Who Really Sank the Bismarck?

You are 16,000 feet below the North Atlantic, peering out the window of a tiny submersible. The wreck you see was once the most feared warship in the world.

Even now — 60 years after it went to the bottom — the Nazi battleship Bismarck is still a fearsome sight.

"This is a beautiful, formidable thing, with a very definite malevolence about it," says Capt. Alfred McLaren, a longtime U.S. submarine captain who has seen the wreck.

McLaren is one of a small group of explorers who have ventured down to the sea floor, found the Bismarck, and are trying to revise its story.

The Terror of the Seas

For one horrible week in 1941, the Bismarck dominated the seas. On its very first mission, it sank the HMS Hood, the pride of Britain's Royal Navy. Only three sailors survived; 1,415 died. The battle lasted only eight minutes.

"I don't care how you do it," said Winston Churchill. "You must sink the Bismarck."

Sixteen British warships joined the chase. The British Admiralty ordered them to hunt the Bismarck down, even if they risked running out of fuel. Finally, three of them cornered their enemy 300 miles off the Irish coast.

"By the time we finished we left her burning stem to stern," said a sailor from the HMS Rodney, "and she was sinking."

But maybe not. With the remarkable technology that lets them probe so deep in the ocean, McLaren and others have come to believe that while the Bismarck was disabled, the battleship only sank because the Nazis scuttled it.

"Before my first dive I was prepared to say it had been sunk by the British," says McLaren. But after scanning the wreck thoroughly, he says, "There isn't any evidence of shells or torpedoes near the water line, much less below it."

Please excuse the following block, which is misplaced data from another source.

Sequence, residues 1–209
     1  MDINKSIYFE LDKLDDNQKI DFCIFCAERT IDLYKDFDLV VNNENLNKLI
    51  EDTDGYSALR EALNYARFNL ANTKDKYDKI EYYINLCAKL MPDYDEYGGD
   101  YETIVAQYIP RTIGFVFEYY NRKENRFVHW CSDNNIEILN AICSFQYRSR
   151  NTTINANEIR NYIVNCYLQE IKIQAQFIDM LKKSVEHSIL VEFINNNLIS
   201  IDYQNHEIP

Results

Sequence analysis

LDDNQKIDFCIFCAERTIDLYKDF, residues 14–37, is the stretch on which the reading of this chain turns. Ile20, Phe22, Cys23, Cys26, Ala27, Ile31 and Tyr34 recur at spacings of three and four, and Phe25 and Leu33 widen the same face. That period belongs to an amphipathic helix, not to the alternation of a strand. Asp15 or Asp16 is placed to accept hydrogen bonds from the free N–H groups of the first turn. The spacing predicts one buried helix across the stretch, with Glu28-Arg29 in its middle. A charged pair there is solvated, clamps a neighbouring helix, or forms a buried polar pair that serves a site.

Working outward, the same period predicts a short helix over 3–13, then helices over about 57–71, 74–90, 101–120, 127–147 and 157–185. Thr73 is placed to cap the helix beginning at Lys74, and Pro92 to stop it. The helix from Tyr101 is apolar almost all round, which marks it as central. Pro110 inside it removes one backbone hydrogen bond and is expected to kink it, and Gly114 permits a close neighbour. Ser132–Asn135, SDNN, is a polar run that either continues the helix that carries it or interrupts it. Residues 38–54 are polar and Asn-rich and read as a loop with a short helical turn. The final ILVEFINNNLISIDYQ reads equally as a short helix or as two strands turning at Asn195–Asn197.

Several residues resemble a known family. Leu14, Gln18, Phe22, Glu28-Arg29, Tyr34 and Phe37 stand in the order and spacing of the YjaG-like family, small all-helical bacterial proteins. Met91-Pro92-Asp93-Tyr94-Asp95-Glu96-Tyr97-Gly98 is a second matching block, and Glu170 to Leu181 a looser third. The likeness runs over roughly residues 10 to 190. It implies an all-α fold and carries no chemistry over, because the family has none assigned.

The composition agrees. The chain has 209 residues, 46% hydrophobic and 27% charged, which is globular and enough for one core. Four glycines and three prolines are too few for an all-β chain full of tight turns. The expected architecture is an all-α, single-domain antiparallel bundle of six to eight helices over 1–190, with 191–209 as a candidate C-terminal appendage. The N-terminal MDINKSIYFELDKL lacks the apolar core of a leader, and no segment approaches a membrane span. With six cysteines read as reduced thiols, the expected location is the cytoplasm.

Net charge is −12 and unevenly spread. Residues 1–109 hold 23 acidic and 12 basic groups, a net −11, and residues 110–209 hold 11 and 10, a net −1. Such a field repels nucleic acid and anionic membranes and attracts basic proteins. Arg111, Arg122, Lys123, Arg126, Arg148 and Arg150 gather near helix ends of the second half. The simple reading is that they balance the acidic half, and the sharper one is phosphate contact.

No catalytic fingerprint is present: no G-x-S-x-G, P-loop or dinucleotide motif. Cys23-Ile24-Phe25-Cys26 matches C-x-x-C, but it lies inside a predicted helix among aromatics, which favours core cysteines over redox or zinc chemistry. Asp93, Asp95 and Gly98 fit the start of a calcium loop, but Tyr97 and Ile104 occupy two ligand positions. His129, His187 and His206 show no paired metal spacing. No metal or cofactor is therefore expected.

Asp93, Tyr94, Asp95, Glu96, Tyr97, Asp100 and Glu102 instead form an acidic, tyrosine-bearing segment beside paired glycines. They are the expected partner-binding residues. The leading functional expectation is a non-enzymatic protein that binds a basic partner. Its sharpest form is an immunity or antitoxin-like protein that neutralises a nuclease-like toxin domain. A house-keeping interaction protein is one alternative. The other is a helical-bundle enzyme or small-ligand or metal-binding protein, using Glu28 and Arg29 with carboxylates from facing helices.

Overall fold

The Debate Goes On

Not everyone is convinced.

"I have a real problem with that," says David Mearns, an explorer and author who has also examined the Bismarck wreck.

Mearns says the damage is there if one looks closely enough, and more may be hidden by the mud on the sea floor. He adds that sailors' accounts from the time — both British and German — agree that the British got the revenge they sought.

"It is only when you start getting closer and closer," he says, "that you see that this beautiful hull is actually peppered with torpedo holes and large-caliber shell holes, that she was actually sort of beaten to death by all this British gunnery."

McLaren stands his ground. If the crew had not scuttled the Bismarck, he says, the ship would have remained afloat and might have been captured by the British.

Perhaps, says Mearns, the debate goes on because the Bismarck has such a fearsome aura. If it had not been destroyed, it might have ended the historic British dominance of the seas, and perhaps affected the outcome of World War II.

"It's a ghost ship, in a way," he says, "and when you know also that so many lives have been lost, that really does have an impact on you."

On that point, McLaren certainly agrees. "It's an intimidating ship, absolutely," he says.

"Even at the bottom of the sea?" we asked.

"Very definitely."

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